I closed the book on the Studio Arete project yesterday for my part. We had a development team meeting for Karta Machiton at Tampere with Jarkko and a dozen programming students from the Tampere University of Technology, where I got an opportunity to unload the game will all its yet unsolved design issues on unsuspecting minds.
The meeting was split in roughly two parts: first I discussed the design and development of Karta Machiton as a game, then Jarkko assigned tasks for the team. I can’t frankly say that I’d have understood a lot about the latter part; Jarkko was using something called Microsoft Solution Framework as his guide to assigning areas of responsibility, so it was not very concretely rooted to the actual project at hand. The programmers seemed content, though, so I guess they understood what was going on and who would be doing what.
My own task was to give the programmers a complete view of the Karta Machiton design, as far as I got it during the concept design phase. This means that I handed over a specification for how cards are drawn and played, and how game rounds shape up. The actual cards are still not designed, so there’s a huge design effort still involved: I told Jarkko several times during the day that he really needs a designer in the project still. I also told him that if Karta Machiton seems to get difficult to work on they should consider doing Tetris instead, as that doesn’t require original design effort. He thought I was joking, I think.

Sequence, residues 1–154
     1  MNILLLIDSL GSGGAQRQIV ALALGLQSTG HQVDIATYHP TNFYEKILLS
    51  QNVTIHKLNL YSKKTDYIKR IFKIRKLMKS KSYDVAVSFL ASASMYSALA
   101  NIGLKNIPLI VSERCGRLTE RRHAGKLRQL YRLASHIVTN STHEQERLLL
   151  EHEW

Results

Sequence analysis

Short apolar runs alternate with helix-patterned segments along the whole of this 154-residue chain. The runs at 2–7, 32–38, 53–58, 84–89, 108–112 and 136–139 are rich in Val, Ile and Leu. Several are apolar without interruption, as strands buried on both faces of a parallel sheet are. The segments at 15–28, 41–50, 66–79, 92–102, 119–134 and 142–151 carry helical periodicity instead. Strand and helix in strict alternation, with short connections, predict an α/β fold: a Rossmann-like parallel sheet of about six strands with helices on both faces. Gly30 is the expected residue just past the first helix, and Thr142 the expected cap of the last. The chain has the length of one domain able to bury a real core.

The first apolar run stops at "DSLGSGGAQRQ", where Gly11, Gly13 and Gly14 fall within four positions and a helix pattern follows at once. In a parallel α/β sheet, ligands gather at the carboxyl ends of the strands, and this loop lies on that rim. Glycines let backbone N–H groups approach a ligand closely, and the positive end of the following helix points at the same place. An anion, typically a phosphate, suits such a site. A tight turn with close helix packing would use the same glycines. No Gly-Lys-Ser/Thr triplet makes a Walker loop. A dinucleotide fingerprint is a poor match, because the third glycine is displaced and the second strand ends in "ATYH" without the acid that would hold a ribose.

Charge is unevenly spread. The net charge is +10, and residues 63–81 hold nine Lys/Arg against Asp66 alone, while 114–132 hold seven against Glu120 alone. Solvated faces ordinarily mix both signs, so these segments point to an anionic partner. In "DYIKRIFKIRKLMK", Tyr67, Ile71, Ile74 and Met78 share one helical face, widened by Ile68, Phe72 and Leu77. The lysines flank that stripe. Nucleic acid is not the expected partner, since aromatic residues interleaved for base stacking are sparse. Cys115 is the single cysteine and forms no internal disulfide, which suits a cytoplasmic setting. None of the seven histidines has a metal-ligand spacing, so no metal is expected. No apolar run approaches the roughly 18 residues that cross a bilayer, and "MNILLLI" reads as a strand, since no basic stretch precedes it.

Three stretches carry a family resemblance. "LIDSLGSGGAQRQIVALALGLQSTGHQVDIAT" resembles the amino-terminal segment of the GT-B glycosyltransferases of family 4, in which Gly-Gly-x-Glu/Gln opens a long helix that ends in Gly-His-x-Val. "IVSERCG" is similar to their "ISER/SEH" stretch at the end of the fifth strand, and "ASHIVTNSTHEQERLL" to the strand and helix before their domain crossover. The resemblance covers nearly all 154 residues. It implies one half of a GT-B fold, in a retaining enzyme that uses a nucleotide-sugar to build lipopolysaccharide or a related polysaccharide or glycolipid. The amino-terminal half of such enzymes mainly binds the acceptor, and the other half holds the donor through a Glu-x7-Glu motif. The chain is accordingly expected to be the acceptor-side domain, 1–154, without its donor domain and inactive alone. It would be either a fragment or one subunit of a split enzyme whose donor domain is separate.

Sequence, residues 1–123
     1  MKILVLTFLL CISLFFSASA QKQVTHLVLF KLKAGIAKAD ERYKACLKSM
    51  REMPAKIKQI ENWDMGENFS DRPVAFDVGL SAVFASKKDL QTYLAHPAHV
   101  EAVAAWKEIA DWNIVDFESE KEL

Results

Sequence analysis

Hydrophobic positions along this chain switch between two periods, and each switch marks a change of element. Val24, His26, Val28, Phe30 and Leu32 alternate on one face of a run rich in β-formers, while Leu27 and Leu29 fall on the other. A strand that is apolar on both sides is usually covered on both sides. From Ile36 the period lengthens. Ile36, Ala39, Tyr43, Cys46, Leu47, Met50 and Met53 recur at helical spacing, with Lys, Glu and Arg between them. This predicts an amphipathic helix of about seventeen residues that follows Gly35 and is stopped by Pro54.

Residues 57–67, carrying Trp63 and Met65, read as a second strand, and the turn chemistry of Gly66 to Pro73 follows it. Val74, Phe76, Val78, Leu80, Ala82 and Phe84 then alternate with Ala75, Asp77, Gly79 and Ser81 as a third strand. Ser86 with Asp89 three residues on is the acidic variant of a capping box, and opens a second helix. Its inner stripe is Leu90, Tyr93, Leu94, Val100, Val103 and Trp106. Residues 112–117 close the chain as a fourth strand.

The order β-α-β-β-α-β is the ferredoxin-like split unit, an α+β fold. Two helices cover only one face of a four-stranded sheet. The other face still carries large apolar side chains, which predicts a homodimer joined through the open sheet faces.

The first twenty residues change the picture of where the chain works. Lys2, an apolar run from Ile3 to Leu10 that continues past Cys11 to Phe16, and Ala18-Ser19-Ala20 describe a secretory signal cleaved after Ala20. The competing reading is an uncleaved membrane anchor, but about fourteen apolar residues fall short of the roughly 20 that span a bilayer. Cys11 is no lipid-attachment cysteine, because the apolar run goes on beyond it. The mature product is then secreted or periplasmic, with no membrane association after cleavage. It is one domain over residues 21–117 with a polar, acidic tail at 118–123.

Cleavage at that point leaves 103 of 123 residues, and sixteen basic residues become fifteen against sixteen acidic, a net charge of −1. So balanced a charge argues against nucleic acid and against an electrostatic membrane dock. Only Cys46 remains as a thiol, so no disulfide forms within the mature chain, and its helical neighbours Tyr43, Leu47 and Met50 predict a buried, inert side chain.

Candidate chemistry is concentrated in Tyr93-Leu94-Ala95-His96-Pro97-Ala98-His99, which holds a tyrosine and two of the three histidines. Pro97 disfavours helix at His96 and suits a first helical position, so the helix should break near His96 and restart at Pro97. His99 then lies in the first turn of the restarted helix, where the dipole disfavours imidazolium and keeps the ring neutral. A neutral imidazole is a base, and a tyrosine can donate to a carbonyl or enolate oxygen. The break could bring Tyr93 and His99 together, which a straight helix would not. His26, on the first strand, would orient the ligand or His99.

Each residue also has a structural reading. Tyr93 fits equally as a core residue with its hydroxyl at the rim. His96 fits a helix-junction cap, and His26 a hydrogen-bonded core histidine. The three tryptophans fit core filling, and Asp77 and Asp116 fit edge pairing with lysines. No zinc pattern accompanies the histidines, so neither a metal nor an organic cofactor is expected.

The meeting was very hierarchical in structure compared to what I’m used to; mostly it was me or Jarkko speaking, with others listening quietly. If they folks didn’t actually ask questions about the design and some things I left unclear, I wouldn’t even know whether they listened or not.
At the end of the meeting I also drew a funny graph on the whiteboard:
This is the structural relationship map of the complete Theomachia game as envisioned by myself, separated into modular subgames with explicit design relationships towards each other. Take note of the two-way relationship of the player’s god-identity and his stable of heroes: that is the central part of the game. Another important point is the cycle of play modes heroes engage with, down near the bottom.
The reason for this drawing was that I needed to show Jarkko where he could put a tournament subgame in the structure. Jarkko has mentioned several times that he’d like to have the Karta Machiton system used for “gladiator combat” in the game, so I figured out an useful spot for that as something you do with deceased heroes. That way it’s not in the way of other endeavours, and it does something useful by feeding the god wars in heaven. It’s pretty easy to muddle a complex game design like this by adding things that detract from the main intent, which is why you need to have a handle on the whole thing before adding random subgames.